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A Grim Trade: Trafficking Palaung Women to China

Originally appeared in The Irrawaddy

June 14, 2011

Unscrupulous traffickers, Burma’s economic decline and militarization, and a shortage of females caused by China’s “One Child Policy” have all combined to contribute to the trafficking of women from the Palaung region of Burma into China, says a locally based activist group.

“Since 2007, we have documented 72 cases of actual and suspected trafficking involving 110 people,” said Lway Moe Kam of the Palaung Women’s Organisation (PWO). The caseload includes 11 children under 10 years of age.

Twenty-five percent of the women trafficked were forced to marry Chinese men and 10 percent of the caseload were coerced into the sex trade, according to the PWO, which grimly concluded that nine out of 10 trafficking victims do not escape.

According to a particularly gruesome account given by one victim of trafficking, she was taken to a building in Shandong, eastern China, where people were kept as live feed for leeches, used in Chinese medicine. “I saw some people in that room lying in pools of water. They were all fat, but looked lifeless and were not moving. Then I saw that there were leeches sucking those people’s blood,” said the unnamed woman.

The PWO concedes that the number of trafficking victims is likely to be higher than reported, with real figures difficult to determine due to local cultural constraints, further hampered by the logistical and security challenges confronting researchers working in the area. In 60 percent of the cases analysed, it remained unclear exactly what kind of situation the victim was trafficked into.

“Traffickers work in secret, and the presence of the army means that we have to be careful when doing research and talking to people,” said Lway Aye Nang, another PWO representative.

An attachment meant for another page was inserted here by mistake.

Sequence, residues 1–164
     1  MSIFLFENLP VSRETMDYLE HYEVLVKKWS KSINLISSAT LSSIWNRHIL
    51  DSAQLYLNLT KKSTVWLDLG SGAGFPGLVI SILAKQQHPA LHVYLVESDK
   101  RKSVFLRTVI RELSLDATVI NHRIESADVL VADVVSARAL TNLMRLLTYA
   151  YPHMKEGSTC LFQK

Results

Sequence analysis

Palaung culture frowns upon extramarital sex, meaning that trafficked women who suffer sexual crimes “are often reluctant to admit they have been trafficked,” said Lway Moe Kah, the lead author of the PWO report, “Stolen Lives—Human Trafficking from Palaung Areas of Burma into China.”

In perhaps a surprising finding, 65 percent of the trafficking perpetrators were female, a factor that Lway Moe Kam puts down to the greater trust placed in women by the eventual victim of trafficking. “It sounds better if the job offer is made by a woman,” she said, though Khin Ohmar, a Burmese exile activist based in Chiang Mai, cautioned that the female perpetrators might themselves be coerced into recruitment by other traffickers, likely male, who dominate the trade.

The investigation focused on the townships of Namkahn, Namhsan and Mantong in the Palaung region of Shan State, which sits on the Burma-China frontier. In the absence of recent census date, the Palaung are thought to number around one million people, mostly mountain-dwellers in an area laden with gold, silver, zinc and aluminum.